The disorder is characterized by blistering of the skin, particularly in response to minor trauma or friction. EDSF is caused by mutations in the genes responsible for attaching intermediate filaments to desmosomes.

When this attachment is compromised, the integrity of the desmosomes is weakened, leading to blistering and abnormal growth of hair, teeth, and nails.


Pemphigus is a group of autoimmune disorders characterized by the production of antibodies against desmosomal adhesion molecules, particularly desmogleins. These antibodies interfere with the binding between desmogleins, causing a breakdown in desmosomal adhesion.

As a result, the adhesion between skin cells is compromised, leading to the formation of blisters and sores that can be painful and debilitating. Treatment for pemphigus often involves immunosuppressive medications to control the autoimmune response and promote healing of the skin.

Arrhythmogenic Right Ventricular Dysplasia

Arrhythmogenic right ventricular dysplasia (ARVD) is a rare heart disorder characterized by the progressive replacement of healthy heart muscle with fibrous or fatty tissue. This structural abnormality weakens the desmosomal connections between heart muscle cells, making them more prone to detachment and rupture.

As a result, electrical signals in the heart are disrupted, leading to arrhythmias and potential complications, including heart palpitations and sudden cardiac death. Treatment for ARVD may involve medication, defibrillator implantation, or, in severe cases, heart transplantation.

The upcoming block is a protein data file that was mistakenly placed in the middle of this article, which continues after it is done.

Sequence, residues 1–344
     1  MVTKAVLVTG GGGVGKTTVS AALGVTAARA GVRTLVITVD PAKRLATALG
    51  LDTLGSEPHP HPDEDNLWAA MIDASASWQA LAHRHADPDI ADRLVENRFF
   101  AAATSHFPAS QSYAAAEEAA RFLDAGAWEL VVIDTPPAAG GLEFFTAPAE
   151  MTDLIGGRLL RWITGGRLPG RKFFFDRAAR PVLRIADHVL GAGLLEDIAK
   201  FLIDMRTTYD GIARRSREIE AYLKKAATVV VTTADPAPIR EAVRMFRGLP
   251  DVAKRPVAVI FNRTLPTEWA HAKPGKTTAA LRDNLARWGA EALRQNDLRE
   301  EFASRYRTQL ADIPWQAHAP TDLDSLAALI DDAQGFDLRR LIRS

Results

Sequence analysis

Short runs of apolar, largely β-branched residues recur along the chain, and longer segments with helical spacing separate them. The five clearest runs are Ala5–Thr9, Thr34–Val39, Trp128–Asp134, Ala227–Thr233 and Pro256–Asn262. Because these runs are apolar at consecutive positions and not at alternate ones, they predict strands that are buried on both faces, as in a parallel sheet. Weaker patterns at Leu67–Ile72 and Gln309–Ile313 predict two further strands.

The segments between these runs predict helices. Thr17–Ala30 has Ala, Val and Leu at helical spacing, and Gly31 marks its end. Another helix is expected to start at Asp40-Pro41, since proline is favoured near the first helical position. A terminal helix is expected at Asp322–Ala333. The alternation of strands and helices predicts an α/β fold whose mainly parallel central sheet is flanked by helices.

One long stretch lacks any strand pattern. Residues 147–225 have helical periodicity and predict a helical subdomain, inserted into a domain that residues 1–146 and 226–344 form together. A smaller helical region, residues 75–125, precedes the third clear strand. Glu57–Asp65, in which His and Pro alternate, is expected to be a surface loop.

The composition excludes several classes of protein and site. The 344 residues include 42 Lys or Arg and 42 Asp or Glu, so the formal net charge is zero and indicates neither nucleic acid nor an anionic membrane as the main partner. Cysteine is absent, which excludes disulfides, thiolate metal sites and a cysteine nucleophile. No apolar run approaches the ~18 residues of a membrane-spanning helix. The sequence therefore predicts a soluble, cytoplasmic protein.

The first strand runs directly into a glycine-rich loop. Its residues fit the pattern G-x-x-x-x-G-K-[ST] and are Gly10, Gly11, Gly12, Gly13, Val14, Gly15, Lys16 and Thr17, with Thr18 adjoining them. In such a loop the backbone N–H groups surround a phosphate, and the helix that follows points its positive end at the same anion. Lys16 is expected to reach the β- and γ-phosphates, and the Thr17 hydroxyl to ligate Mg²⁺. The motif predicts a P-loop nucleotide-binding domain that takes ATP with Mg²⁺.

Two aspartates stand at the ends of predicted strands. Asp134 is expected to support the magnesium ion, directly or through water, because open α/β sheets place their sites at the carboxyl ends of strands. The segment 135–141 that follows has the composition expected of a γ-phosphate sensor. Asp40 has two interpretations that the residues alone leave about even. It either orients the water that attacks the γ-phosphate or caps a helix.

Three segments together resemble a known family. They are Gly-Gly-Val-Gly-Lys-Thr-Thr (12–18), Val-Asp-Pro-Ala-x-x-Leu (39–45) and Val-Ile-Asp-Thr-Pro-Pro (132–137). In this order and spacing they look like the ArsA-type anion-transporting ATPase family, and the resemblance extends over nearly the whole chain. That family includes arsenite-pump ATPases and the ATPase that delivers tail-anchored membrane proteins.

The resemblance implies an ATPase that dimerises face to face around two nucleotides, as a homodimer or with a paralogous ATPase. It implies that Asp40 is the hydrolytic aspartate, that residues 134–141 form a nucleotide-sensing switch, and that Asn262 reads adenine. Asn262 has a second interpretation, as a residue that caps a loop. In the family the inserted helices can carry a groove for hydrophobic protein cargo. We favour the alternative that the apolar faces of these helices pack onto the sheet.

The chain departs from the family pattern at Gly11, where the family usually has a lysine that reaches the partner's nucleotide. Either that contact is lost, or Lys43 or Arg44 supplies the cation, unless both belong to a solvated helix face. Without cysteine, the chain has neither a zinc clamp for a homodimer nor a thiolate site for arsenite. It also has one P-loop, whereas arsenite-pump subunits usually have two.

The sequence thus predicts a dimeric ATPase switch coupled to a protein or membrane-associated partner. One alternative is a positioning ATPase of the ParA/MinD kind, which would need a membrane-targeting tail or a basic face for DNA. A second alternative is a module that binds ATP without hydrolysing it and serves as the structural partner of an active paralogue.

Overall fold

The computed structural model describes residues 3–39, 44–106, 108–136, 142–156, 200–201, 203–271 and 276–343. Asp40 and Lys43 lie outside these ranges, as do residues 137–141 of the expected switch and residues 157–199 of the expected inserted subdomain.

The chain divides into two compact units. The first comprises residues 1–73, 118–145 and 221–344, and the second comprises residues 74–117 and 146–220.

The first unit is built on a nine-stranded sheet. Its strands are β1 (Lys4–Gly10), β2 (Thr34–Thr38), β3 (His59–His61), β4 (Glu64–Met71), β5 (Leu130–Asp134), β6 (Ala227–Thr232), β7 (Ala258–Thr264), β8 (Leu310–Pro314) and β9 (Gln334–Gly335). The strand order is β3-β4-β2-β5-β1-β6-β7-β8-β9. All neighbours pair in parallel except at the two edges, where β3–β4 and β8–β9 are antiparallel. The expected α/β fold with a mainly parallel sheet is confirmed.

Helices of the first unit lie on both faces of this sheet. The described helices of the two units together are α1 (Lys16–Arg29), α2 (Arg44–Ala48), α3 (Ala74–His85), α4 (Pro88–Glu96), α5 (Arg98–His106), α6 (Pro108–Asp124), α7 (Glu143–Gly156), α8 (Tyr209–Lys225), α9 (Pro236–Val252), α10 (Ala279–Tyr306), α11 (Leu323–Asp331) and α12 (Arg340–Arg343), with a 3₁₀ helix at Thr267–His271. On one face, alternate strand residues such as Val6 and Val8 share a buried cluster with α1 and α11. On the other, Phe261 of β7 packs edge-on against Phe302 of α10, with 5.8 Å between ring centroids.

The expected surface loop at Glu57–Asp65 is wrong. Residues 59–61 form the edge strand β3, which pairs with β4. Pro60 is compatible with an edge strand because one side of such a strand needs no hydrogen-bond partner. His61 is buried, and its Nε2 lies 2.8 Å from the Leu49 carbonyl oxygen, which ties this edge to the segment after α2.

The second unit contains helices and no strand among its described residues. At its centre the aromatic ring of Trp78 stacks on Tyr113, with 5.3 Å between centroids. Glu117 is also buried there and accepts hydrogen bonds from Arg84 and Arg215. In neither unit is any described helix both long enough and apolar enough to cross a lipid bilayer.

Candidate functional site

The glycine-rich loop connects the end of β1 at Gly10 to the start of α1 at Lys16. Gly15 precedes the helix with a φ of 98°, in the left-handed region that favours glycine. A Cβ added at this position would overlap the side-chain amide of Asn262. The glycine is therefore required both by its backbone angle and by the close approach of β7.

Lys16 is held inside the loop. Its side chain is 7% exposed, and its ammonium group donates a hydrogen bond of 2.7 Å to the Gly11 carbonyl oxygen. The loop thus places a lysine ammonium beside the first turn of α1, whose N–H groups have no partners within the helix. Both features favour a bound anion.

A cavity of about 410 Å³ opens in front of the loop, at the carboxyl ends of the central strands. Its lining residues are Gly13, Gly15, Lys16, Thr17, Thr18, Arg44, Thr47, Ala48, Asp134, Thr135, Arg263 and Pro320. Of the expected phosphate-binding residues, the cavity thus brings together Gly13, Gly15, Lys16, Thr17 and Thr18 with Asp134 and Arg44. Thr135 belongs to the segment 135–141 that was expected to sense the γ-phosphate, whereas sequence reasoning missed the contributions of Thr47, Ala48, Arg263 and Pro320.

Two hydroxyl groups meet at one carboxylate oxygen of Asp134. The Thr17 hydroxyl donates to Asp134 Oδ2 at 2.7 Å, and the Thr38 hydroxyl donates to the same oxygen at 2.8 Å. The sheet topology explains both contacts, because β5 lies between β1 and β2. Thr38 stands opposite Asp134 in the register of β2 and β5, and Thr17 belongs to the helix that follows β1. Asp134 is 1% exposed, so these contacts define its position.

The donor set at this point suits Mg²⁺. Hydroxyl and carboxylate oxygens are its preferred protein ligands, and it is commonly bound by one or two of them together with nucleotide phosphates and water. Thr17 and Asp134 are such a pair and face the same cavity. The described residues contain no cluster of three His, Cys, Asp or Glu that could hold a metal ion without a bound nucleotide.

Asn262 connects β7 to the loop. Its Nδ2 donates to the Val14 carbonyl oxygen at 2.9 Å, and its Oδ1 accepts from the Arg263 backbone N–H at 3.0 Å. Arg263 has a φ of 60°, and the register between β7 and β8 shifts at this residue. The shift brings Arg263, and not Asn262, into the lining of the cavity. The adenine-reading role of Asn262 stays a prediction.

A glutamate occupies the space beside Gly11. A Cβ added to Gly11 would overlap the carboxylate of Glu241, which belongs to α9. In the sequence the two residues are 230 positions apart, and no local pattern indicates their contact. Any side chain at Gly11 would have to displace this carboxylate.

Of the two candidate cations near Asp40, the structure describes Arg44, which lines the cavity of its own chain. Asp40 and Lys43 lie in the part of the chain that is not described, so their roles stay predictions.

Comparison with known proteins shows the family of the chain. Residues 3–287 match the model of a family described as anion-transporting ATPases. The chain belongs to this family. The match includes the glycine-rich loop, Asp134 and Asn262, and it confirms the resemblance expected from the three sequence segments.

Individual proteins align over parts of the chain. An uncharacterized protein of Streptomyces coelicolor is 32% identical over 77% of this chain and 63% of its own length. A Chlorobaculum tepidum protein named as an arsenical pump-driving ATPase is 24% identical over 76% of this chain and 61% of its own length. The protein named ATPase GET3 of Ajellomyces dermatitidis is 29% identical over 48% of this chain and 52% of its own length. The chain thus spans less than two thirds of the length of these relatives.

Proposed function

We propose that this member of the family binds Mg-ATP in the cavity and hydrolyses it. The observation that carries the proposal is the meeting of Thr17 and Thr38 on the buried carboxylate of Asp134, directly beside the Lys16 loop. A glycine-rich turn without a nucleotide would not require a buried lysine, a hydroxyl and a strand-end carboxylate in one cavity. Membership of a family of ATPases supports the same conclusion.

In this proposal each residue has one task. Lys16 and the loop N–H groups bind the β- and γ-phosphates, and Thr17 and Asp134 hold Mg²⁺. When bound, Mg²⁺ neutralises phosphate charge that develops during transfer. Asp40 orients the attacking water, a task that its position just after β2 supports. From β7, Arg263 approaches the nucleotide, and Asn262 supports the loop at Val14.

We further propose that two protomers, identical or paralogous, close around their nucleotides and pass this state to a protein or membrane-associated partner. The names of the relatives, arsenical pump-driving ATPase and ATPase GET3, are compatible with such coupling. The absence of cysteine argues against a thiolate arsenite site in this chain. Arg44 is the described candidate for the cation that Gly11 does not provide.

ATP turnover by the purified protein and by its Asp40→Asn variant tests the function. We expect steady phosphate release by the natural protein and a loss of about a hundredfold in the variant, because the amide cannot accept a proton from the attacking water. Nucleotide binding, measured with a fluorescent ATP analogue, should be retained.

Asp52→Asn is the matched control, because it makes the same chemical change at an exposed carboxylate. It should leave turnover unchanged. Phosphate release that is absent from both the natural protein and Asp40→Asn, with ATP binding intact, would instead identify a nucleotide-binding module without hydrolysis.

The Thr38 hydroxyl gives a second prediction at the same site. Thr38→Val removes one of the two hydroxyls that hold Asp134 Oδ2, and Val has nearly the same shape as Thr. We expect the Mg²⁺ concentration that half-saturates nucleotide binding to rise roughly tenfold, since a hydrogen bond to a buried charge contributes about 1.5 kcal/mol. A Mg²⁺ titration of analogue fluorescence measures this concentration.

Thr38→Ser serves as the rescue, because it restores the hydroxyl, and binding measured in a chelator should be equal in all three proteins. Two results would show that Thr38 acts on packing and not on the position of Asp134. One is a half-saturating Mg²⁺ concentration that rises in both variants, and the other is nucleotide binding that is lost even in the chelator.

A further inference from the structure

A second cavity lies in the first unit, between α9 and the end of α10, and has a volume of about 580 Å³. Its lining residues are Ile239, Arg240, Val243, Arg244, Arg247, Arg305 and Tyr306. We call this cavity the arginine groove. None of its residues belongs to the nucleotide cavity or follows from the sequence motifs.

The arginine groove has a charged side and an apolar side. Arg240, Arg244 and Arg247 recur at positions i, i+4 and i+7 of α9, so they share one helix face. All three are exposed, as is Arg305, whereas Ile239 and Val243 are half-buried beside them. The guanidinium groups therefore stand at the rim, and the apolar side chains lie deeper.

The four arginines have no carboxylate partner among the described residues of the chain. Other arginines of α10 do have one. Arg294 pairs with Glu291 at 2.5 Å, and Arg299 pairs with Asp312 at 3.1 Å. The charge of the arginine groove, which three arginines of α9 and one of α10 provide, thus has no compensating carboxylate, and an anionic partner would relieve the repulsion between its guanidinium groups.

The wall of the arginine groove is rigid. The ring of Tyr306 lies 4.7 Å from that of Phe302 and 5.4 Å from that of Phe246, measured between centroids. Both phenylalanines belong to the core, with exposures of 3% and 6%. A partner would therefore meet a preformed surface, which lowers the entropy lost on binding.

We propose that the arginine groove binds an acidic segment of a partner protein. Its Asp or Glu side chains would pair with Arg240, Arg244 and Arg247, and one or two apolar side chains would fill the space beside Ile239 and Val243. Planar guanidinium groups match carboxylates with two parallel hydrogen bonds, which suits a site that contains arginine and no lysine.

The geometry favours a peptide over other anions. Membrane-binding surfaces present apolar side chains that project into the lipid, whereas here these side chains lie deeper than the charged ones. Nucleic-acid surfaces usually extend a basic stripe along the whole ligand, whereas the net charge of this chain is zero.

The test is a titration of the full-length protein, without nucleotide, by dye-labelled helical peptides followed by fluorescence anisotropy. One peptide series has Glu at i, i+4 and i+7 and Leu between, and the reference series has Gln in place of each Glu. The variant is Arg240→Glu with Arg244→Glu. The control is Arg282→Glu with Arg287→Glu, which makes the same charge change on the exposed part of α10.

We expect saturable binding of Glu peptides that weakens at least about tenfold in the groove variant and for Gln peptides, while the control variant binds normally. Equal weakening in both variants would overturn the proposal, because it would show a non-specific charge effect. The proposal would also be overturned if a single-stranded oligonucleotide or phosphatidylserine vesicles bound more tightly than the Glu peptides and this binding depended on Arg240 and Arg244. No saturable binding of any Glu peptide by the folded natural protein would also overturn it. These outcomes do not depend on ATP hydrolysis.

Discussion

In conclusion, understanding the structure and functioning of desmosomes is crucial for appreciating the complex mechanisms that allow our cells and tissues to remain connected and intact. Defects in desmosomal components or adhesive molecules can result in various disorders, ranging from skin blistering to heart abnormalities.

Ongoing research in this field holds promise for the development of targeted interventions and treatments, offering hope to those affected by desmosome-related disorders.

Related Biology Terms

Anchoring junction

Anchoring junctions are a type of cell-cell junction that play a crucial role in maintaining the structural integrity and stability of tissues. These junctions are characterized by a mass of proteins that form a strong adhesive connection between adjacent cells.

Desmosomes, which have been discussed in detail in previous sections, are a type of anchoring junction. Anchoring junctions are primarily found in tissues that experience mechanical stress or strain, such as the skin, heart, and muscles.

They provide the necessary strength and resistance to maintain tissue cohesion, especially when subjected to external forces. Without anchoring junctions, our tissues would be more prone to tearing, disintegration, or detachment, compromising their function.